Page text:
In honor of the month of May being Borderline Personality Disorder (BPD) Awareness Month, we sat down with the Founder & CEO of Cincinnati Center for DBT, Dr. Nikki Winchester, to ask her some frequently asked questions about BPD.
What should loved ones be looking for if they suspect their loved one may be living with borderline personality disorder (BPD)?
One thing would be self-harm and suicide attempts. The tricky thing about self-harm is that often people can be discrete about self-harm, so it may not be obvious to the family. Other potential signs are if there seem to be a lot of out-of-control, up-and-down that seem inexplicable, or fears of abandonment when the person doesn’t want to be alone without them. If the person is using very dysfunctional ways to cope with significant problems with emotion regulation, that’s a big sign to look out for.
What are the first steps someone should take to get help for borderline personality disorder?
The number one thing is to start researching and find a clinician who is well-trained in dialectical behavior therapy (DBT). Seek out a DBT clinician in your area. It’s really important that the person is working with someone who is well-trained in how to work with BPD. There are a lot of clinicians out there who might take a brief training or workshop in DBT and then advertise as providing DBT but they don’t know how to do DBT adherently. To be able to provide DBT as it was designed by Dr. Marsha Linehan, clinicians must receive a lot of training and supervision and work with a team of DBT clinicians. Unfortunately, a lot of clients don’t know to look for that – they see that DBT is checked off on a clinician’s profile and they don’t know what to look for or what questions to ask. Depending on where the clients is at, they may not have the energy or desire to do that research, but it could be a life-or-death matter We know that the outcomes are better when clinicians provide DBT adherently. Is the clinician part of a team of other DBT clinicians that’s meeting weekly? Are they providing all four modes of DBT? The resource to look for is the DBT-Linehan Board of Certification. Clients can find DBT-LBC certified clinicians and programs on the website, which is important because DBT-LBC is the only DBT certifying body that’s endorsed by Dr. Marsha Linehan, who created the treatment. DBT-LBC certification is a rigorous process to go through and is the gold-standard in knowing that your clinician is doing what they say they’re doing.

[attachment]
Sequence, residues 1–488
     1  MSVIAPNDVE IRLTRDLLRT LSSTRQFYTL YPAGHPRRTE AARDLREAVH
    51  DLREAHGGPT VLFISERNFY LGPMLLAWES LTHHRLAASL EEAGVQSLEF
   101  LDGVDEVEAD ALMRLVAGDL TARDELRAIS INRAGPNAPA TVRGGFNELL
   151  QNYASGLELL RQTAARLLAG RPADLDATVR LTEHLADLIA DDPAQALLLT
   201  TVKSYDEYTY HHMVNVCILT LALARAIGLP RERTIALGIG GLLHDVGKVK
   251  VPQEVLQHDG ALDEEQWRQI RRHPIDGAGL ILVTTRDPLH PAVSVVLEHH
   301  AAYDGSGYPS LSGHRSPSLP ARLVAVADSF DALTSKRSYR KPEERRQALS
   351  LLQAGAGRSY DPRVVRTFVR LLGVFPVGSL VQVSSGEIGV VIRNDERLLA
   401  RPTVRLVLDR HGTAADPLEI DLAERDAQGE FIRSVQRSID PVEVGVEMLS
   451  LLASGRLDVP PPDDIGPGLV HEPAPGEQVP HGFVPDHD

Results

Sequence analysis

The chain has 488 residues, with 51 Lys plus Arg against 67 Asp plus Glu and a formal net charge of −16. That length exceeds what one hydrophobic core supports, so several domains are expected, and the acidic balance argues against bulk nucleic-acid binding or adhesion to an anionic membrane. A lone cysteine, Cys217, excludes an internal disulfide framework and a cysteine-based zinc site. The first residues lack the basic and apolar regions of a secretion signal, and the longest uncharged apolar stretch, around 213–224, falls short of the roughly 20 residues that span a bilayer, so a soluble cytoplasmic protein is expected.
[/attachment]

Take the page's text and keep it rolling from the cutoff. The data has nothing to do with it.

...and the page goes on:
What advice do you have for someone seeking treatment for borderline personality disorder?
What are some myths that people believe to be true about borderline personality disorder that are actually false?
Another myth is that people with BPD are all the same and manipulative or over-the-top. Remember, there are nine criteria and a person has to meet five criteria to receive the diagnosis, so that means there are a ton of different combinations of symptoms and it can look very different from person to person. As far as the manipulation piece, this is a large part of the stigma associated with the disorder. When it comes down to it, all humans are manipulative. We all do things to influence other people to get what we want and that can be truly effective. If someone with BPD is manipulative, they’re not very good at it because they tend to be really obvious. Usually, they don’t really know how to get what they want effectively.
To learn more about Borderline Personality Disorder (BPD), click here: Borderline Personality Disorder Treatment
To learn more about Dialectical Behavior Therapy (DBT), click here: What is Comprehensive DBT?